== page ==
Monday, March 21, 2011

Back again!

Back in Castelldefels.

More importantly, with The Machine securely in my grasp, rather than having it wing its way around Europe before finally coming back to me.

Toni was quite insistent that I not use The Machine and he even (for the second time in history) urged me to buy two books (!) so that I would read rather than type during the flight.
Needless to say I took his urging seriously and using the “buy one and get the second half price” offer of W H Smith’s I am now the proud possessor of “Civilization: The West and the Rest” by Niall Ferguson and Sebastian Faulks “Faulks on Fiction”.
I started reading the latter first as it looked the less taxing read and of the 28 books mentioned I had read 21 of them – which was 2 fewer than Faulks himself as he said that 23 of the books were re-reads for him! 

I look forward to skating over great fiction in the hands (what an uncomfortable mixed metaphor!) of a more than competent writer!

The Niall Ferguson purchase was an almost instinctive one given my response to “Empire” and “The Ascent of Money” I am his devoted slave and he comes close to toppling Jared Diamond and his “Guns, germs and steel” from my favourite non-fiction “it-makes-you-feel-intelligent” read!  But not quite.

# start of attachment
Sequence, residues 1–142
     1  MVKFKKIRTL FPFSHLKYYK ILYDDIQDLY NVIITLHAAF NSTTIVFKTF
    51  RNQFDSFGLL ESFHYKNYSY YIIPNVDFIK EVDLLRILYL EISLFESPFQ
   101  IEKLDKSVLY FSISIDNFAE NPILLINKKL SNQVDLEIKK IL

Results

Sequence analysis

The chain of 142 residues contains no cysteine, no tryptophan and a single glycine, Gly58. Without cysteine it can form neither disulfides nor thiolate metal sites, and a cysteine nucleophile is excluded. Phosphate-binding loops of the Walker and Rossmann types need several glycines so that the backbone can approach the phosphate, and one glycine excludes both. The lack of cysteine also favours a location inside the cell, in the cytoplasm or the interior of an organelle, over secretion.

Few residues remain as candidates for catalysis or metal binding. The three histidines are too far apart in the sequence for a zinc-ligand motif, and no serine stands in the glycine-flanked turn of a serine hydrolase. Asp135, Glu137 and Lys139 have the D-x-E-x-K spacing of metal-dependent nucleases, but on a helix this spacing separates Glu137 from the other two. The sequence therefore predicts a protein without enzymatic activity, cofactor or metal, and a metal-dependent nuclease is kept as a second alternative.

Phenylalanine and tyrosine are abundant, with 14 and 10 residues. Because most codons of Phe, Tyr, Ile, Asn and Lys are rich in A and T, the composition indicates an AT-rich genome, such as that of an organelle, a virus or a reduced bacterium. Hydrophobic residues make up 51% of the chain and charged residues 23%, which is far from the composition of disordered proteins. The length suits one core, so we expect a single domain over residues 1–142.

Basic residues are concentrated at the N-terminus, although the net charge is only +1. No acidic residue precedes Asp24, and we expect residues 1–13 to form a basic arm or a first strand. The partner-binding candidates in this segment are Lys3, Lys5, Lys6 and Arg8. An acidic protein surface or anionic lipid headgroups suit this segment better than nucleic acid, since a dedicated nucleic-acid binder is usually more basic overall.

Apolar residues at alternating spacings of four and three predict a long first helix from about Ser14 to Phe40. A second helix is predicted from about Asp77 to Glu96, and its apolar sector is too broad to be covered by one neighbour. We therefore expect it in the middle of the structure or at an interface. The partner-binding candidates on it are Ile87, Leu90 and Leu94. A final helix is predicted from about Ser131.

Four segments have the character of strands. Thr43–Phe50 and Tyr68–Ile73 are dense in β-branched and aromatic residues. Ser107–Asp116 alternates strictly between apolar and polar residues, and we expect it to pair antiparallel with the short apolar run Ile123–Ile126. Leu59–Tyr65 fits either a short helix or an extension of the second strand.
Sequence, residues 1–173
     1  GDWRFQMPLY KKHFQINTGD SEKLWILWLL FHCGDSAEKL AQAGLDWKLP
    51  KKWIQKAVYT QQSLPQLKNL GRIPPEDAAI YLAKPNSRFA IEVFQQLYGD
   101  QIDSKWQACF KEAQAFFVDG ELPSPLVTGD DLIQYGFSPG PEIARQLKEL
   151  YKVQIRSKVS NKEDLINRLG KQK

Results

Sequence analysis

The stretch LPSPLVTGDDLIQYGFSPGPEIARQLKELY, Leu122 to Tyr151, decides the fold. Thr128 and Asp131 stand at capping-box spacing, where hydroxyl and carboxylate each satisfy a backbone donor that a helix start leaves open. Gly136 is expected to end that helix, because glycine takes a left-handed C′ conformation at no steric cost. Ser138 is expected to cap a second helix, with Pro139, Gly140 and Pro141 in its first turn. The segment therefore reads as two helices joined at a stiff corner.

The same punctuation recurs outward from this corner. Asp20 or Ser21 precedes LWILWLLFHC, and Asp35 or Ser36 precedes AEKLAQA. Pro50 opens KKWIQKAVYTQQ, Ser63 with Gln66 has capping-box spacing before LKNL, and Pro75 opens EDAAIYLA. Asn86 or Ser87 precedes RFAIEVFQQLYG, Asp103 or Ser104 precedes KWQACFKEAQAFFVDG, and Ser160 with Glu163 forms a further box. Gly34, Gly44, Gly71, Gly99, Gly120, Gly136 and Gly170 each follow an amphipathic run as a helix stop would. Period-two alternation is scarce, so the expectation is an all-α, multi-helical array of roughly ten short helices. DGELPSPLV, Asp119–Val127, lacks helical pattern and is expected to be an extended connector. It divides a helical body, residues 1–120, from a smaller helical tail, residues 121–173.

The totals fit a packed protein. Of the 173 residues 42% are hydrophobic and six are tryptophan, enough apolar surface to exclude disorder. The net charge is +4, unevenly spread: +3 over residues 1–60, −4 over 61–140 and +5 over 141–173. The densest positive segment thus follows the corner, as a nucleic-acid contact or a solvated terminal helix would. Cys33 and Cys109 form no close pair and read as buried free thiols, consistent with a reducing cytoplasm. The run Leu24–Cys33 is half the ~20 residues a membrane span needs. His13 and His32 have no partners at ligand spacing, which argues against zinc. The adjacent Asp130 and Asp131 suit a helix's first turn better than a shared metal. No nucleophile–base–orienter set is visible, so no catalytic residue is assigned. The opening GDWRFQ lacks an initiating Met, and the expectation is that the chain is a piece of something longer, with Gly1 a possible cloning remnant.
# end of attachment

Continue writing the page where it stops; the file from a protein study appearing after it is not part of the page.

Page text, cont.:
The journey from Cardiff to Bristol Airport was smooth, misty and uneventful; traffic jams only remarkable by the complete absence.  The flight was called in good time and took off promptly, landing a few minutes early.  The taxi was immediate and, as we approached Castelldefels the sun, obediently came out and blazed.

The house has been restocked and I am trying not to think too closely about the return to teaching tomorrow.

As no attempt was made to find a supply teacher for my “three day absence known in advance” I have bought two boxes of Tesco Chocolate Collection as sweet gesture to my colleagues who have had to cover for me.

What keeps me going is the thought that the holiday in Gran Canaria starts four weeks yesterday: roll on the 17th of April.  As a mark of respect to the sacred nature of the period during which I shall be away, I shall insure that my iPod has The St Matthew Passion which I shall (as I have done before) listen to laying prone on the beach in the seasonal sunshine!
Give me another two weeks and I shall start counting the days!

Sunday, March 20, 2011

Count your blessings

The dull drive up to Gloucester yesterday seemed to presage a touch of the pathetic fallacy for the funeral.  The lack of close parking spaces and the loss of diamond cuff link also added to the general air of depression.

But then the sun came out and the cuff link was found and the family started arriving and the general chitchat that is a function of these occasions started to happen with that air of brittle humour that often characterises ostensibly melancholy events.

As these things go, it went.  I read the Robert Frost poem and, as the specific significance of the lines to the life of my Aunt made themselves felt, it was more and more difficult to continue.  However, I got to the end and, in the reception after I managed to make my little speech and then it was done.

For the first time in my experience I found that the service (albeit humanist) fulfilled one of its functions and gave me a sort of closure.

I think that it was a fitting celebration of the life of an exceptional woman and I am grateful to my cousins for organizing something so appropriate.